I could have looked at them all day. So small, new and fresh to the world. They were each swaddled tightly like tiny potato sacks with a head and mouth. It was all sunshine and cupcakes and rainbows for me until….one of them started crying like a feral cat.
I think I've seen enough.
Speaking of cats and dogs – the instructor told us that if you have a dog, the best way to introduce baby to the house is to first bring home a baby hat and let the pet sniff it. Then, have the “alpha” dog bring the baby in. Chris is definitely the alpha dog at our house and Boss is so obedient to him. In fact, every night they have a bizarre make out session on the couch where Boss licks his face clean.
And I have to remind Chris to PLEASE wash his face after that.
The class wrapped up and I felt more confident about where to go and what to expect. I’m not saying you should take a class but at least tour your chosen hospital/birthing center to have a “map” of where to go and the policies. The hospital I chose has a lot of policies about the number of visitors, when they can visit, how to get into the ward. It also made us think through how we are going to notify our family and visitors when Max makes his arrival.
Like the instructor said, you never get those first 15 minutes back – the 15 minutes where it’s just you, baby and daddy – in the room together recovering. She advised against sending mass texts, calling people right away. Everyone else waited over 9 months for the baby – they can wait a little longer. For those first 15 minutes, she said to just enjoy it amongst your new “family”.
I owe you an update. The ultrasound on Friday. I went to the perinatologist to assess if the antibody was having any ill effects on Max.
The ultrasound technician measured the fluid around Max – normal. She measured his heart rate – 143 bpm – normal. She then did a doppler of the MCA – not to be confused with the Beastie Boy – this is a measurement of the velocity of blood flow through an artery in his brain. The higher the velocity, the more likely he is anemic (leading to many problems).
Measurement were taken and then I laid there to wait for the doctor. And wait…wait some more….still waiting….at 20 minutes I had to pee (can’t I do ANYthing for 20 minutes without using a bathroom!?)….30 minutes still waiting and…finally 35 minutes later the doctor arrived.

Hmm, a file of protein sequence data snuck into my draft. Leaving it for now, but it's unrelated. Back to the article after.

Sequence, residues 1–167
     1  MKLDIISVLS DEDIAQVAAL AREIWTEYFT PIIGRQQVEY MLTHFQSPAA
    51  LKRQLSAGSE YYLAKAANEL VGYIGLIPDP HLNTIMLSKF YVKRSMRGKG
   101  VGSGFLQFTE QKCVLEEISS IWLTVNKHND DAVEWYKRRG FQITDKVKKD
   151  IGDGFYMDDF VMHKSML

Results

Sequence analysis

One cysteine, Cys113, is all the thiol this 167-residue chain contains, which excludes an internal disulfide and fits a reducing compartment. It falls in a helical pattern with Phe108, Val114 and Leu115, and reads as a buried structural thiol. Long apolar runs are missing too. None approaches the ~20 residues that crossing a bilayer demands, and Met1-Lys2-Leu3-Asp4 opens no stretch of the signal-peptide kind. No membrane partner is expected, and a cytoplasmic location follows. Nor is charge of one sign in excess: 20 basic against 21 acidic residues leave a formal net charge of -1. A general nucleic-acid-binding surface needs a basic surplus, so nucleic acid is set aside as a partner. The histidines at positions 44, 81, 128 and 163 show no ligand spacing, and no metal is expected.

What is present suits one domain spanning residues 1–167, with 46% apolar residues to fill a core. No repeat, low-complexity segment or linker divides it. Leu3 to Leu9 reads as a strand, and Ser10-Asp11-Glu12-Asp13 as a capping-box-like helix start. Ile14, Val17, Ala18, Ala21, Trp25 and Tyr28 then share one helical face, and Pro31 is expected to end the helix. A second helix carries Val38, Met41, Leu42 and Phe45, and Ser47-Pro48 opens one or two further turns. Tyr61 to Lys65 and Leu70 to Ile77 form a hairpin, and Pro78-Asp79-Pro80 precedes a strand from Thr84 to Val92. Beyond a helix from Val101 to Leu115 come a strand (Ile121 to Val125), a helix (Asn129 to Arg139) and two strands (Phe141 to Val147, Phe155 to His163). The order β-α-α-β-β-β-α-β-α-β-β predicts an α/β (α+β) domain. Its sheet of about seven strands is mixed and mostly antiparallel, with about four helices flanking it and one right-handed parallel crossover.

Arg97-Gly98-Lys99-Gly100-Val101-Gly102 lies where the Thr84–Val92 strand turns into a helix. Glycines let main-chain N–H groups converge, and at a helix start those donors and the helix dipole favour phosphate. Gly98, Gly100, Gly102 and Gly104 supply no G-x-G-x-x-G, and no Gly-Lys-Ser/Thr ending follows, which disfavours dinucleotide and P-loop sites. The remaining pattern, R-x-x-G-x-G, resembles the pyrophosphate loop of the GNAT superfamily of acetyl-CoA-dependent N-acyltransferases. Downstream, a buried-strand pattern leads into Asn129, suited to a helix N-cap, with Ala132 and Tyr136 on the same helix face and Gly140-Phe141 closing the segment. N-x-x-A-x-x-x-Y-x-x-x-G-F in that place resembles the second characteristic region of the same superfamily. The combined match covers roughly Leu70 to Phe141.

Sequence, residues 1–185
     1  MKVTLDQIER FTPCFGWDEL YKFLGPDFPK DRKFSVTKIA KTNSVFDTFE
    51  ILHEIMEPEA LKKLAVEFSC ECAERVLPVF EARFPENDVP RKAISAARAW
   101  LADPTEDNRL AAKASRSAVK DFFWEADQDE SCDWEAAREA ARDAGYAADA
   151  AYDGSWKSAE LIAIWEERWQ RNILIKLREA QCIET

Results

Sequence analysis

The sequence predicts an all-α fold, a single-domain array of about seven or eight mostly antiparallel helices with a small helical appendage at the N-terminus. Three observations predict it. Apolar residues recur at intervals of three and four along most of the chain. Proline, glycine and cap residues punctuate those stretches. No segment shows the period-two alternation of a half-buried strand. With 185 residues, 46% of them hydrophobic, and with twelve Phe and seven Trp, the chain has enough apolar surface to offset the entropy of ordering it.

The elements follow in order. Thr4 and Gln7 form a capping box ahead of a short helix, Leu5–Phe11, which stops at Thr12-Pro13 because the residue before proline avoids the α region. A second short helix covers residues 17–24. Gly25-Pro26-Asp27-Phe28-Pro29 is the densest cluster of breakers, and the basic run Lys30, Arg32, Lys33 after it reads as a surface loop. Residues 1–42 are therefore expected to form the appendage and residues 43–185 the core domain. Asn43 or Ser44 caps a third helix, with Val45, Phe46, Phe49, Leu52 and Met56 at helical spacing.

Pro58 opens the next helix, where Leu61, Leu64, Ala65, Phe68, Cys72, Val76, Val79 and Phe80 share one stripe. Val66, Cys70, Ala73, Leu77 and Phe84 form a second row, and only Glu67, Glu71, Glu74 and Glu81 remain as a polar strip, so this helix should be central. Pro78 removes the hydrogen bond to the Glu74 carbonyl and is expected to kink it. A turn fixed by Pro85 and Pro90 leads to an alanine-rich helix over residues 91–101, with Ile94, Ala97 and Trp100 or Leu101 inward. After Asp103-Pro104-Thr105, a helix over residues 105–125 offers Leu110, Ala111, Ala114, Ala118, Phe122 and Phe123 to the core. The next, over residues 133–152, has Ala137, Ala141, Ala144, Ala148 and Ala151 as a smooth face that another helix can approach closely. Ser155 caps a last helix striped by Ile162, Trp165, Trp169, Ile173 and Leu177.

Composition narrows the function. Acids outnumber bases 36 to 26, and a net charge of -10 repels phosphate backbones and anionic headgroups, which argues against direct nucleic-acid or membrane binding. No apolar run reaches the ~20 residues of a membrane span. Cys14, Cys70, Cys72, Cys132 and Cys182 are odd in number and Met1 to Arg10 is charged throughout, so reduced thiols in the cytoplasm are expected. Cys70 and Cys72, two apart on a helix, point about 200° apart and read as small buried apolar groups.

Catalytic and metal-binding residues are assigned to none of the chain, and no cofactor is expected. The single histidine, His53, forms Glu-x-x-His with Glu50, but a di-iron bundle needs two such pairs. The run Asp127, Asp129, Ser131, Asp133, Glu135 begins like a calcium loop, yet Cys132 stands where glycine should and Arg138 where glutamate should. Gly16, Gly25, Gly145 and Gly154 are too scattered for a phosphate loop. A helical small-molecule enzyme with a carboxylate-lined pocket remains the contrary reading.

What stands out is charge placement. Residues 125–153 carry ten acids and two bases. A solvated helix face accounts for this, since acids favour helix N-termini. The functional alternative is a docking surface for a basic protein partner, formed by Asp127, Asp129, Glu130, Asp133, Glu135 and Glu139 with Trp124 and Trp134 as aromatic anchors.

The doctor explained that she didn’t know why my titers were rising. Because anti-Kell was so rare, they just don’t see it a lot and I got the feeling that it was a bit of the unknown. She took some more measurements. While she measured blood flow, I looked at Max. I haven’t seen him in 4 weeks and he is getting big. He’s running out of room to do full body squats but he has been kicking up a storm lately. Some days he is totally quiet while others it’s like a track meet in my stomach.
He’s running every leg of the 4 x 8 relay and beating me with the baton!
The doctor had to leave the room to get a chart that would tell her what everything meant. When she came back she said everything looked normal for his gestational age. I have to go back again in two weeks for the same procedure to continue to monitor his progress.
Someone asked for a picture of the nursery. It is a work in progress. We are missing two pieces of furniture but here is the crib:
Yes the crib is about 20 feet long and 10 feet tall. I'm telling you EVERYTHING in our world is big these days!
Chris is the luckiest baby daddy in the world because I did not once nag him to paint the nursery, when are you going to paint the nursery, you need to paint the nursery. We painted the room that color about 3 years ago and decided to stick with it, add some animals (mostly monkeys) and call it Max’s little man cave.
I’ve just about wrapped my registry up but I’ll tell you – this was harder than registering for a wedding! I almost had a meltdown while trying to decide between a bouncer, glider, vibrator (oh get your mind OUT of the gutter!) soother, jumper or exersaucer. If you have any suggestions on which of those might be the best for baby, let me know. If I had my choice, I’d choose the….
Nearly 26 weeks and I still have my sense of humor. I'd say I'm doing well, wouldn't you?